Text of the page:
Tahini, a paste made from ground sesame seeds, plays an important role in Middle Eastern cooking, adding flavor and texture. You may also use it in a variety of other cuisines. This paste offers many health benefits, including healthy macronutrients and a variety of good-for-you vitamins and minerals.
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A 1 tbsp. serving of tahini adds 89 calories to your meal plan. While you can consume tahini by itself, it is more commonly found as part of a larger recipe -- your total caloric intake may be lower or higher, depending on the recipe. Hummus, a dish that contains tahini, contains 25 calories per tbsp. while baba ganoush, an eggplant-tahini dish, contains 40 calories per serving.
Carbohydrates and Protein
A serving of tahini has 3.2 g of carbohydrates and 2.6 g of protein. These small amounts supplement your diet but do not contribute greatly to your daily needs. Endeavor to consume 225 to 325 g of carbs and 50 to 175 g of protein each day to supply your body with energy.
Fats and Fatty Acids
One serving of tahini contains 7.9 g of fat; only 1.1 g of this fat is saturated, the bad type of fat. Limit your intake of fat to 20 to 35 percent of your total daily calories. Tahini is a source of healthy fatty acids, containing 60.1 mg of omega-3 fatty acids and 3.421 mg of omega-6 fatty acids. Your body doesn’t manufacture these fatty acids, so getting them from the foods you eat is critical and they are beneficial for your brain and heart.
Consume tahini to boost your thiamin intake. Each serving provides 16 percent of the daily suggested intake of this vitamin, also known as vitamin B-1. The thiamin in tahini influences your nervous system, muscles and digestion.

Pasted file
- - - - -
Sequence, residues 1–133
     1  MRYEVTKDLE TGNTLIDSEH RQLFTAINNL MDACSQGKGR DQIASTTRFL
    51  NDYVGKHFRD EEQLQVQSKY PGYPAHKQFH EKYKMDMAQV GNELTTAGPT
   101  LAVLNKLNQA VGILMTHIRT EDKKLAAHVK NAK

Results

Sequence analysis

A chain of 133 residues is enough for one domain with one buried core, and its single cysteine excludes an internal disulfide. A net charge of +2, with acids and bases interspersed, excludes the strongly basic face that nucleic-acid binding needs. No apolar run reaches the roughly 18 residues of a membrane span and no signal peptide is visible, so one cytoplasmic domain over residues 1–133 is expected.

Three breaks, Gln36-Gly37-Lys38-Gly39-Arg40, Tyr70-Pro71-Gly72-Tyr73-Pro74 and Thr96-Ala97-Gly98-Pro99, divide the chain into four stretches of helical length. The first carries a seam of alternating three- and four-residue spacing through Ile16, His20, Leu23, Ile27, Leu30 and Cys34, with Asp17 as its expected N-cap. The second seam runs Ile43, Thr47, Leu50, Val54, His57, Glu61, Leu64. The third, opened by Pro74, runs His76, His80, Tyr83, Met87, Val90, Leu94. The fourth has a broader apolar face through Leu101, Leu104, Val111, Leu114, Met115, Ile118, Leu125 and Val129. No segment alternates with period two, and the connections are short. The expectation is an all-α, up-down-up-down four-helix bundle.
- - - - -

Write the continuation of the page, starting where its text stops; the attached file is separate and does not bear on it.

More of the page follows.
Tahini provides 12 percent of the phosphorus you require daily in each serving. This mineral is important for the strength of your bones and teeth. You also need it to remove waste from your kidneys. Boosting your intake of phosphorus by eating tahini is a good choice if you take certain antacids and diuretics that leach phosphorus from your body.
You need only small amounts of copper in your diet each day, and tahini can help you meet those nutritional needs. This mineral helps keep your blood vessels and bones healthy. You also need it to produce red blood cells, which influences the amount of energy you have for your daily activities.
REFERENCES & RESOURCES
- USDA National Nutrient Database: Seeds, Sesame Butter, Tahini, Type of Kernels Unspecified
- LIVESTRONG.COM MyPlate: Baba Ganoush
- Linus Pauling Institute; Essential Fatty Acids; J. Higdon, Ph.D.; December 2005
- MedlinePlus: Thiamin
- University of Maryland Medical Center; Phosphorus; June 2009
- University of Maryland Medical Center; Copper in Diet; March 2009